LESSON 4 *January 17 - 23
The Gift of Prophecy
and God's Remnant Church
Lesson graphic

Read for This Week's Study:

Rev. 12; 14:1–12.

Memory Text:

“And the dragon was enraged with the woman, and he went to make war with the rest of her offspring, who keep the commandments of God and have the testimony of Jesus Christ” (Revelation 12:17, NKJV).

      The remnant theme first appears with Noah and his family (Gen. 7:23), and resurfaces in the history of Israel. The apostle Paul refers to a remnant (Rom. 11:5) that was then constituted of Jews who had accepted Jesus and who later became the nucleus of the Christian church. In the book of Revelation a remnant appears in the churches of Thyatira (Rev. 2:24) and Sardis (Rev. 3:4), and also in chapter 12—the subject of our study this week.

God’s faithful remnant was not always a visible remnant; that is, from the early days up to the last days, God has His faithful ones in different faiths, which is why the call is made: “ ‘Come out of her [Babylon], my people’ ” (Rev. 18:4). Nevertheless, there is a specific depiction of God’s remnant in the last days.

The Week at a Glance:

What do the symbols in Revelation 12 represent? What events in history can be seen as a fulfillment of this chapter? What is the meaning of the phrases “the testimony of Jesus" and "the spirit of prophecy"?  

*Study this week's lesson to prepare for Sabbath, January 24.

SUNDAY January 18

Good Versus Evil:  Act 1

Read Revelation 12:1–6. What’s happening here?  

Revelation 12 introduces the great controversy between Christ and Satan in symbolic form, and describes its progress from the time of Christ to the time of the end. In verse 1 John sees a dazzling sight—a pregnant woman, “clothed with the sun, with the moon under her feet” (NKJV), and wearing a crown of 12 stars. He calls the appearance a “great sign” (NKJV), indicating that the woman is more than a mere woman. She is a symbol for the church, or for God’s faithful people (see Isa. 54:5, 6; 2 Cor. 11:2). The woman's dazzling appearance links her to Jesus, the Sun of righteousness (Mal. 4:2, Rev. 1:16).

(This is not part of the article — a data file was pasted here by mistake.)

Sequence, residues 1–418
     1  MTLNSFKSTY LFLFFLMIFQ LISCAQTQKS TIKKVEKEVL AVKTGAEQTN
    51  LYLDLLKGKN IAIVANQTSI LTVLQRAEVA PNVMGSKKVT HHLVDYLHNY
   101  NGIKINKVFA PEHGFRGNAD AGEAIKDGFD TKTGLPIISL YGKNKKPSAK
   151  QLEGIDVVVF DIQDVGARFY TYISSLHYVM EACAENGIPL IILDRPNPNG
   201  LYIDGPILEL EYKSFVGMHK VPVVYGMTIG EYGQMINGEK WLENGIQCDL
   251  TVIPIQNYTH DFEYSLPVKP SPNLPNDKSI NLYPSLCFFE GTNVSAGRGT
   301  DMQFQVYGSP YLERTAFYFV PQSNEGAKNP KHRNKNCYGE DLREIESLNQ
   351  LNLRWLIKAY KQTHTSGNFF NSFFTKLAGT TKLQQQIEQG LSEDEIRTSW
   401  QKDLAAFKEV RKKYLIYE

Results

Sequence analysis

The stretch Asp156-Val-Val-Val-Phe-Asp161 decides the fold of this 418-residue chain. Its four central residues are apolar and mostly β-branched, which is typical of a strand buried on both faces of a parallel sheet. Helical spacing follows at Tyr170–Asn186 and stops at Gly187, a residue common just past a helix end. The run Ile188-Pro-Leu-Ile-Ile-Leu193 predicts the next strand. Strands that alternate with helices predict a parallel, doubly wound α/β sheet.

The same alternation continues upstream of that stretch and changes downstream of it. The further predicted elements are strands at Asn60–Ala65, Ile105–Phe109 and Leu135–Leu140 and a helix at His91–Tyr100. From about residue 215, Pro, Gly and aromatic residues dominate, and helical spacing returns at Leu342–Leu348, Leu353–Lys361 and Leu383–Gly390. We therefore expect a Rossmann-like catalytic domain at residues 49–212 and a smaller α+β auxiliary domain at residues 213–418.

According to Revelation 12:6, the woman flees from the dragon into the wilderness, where she is taken care of by God for 1,260 days. What is this talking about, and what do the 1,260 days symbolize? Dan. 7:25, Rev. 12:14, 13:5. 

Until the nineteenth century, most students of prophecy used the year-day principle here, and so they understood the 1,260 days to refer to the time of persecution of the church during the Middle Ages, a period of 1,260 years.

And with good reason, too. First, the whole section is filled with symbols that aren’t taken literally, so why should the time element be taken literally, as well? Second, the various time phrases used in Daniel and Revelation—“time and times and half a time” (Dan. 7:25, 12:7, Rev. 12:14, NKJV), “forty-two months” (Rev. 11:2, 13:5, NKJV), and “one thousand two hundred and sixty days” (Rev. 11:3, 12:6, NKJV)—are not the natural way of expressing a literal three and a half years (see Luke 4:25 and James 5:17). For these reasons and others, Seventh-day Adventists (in contrast to most other Christians today) interpret the 1,260 days as 1,260 years, and see it as a reference to the period of papal supremacy from the sixth to the end of the eighteenth century.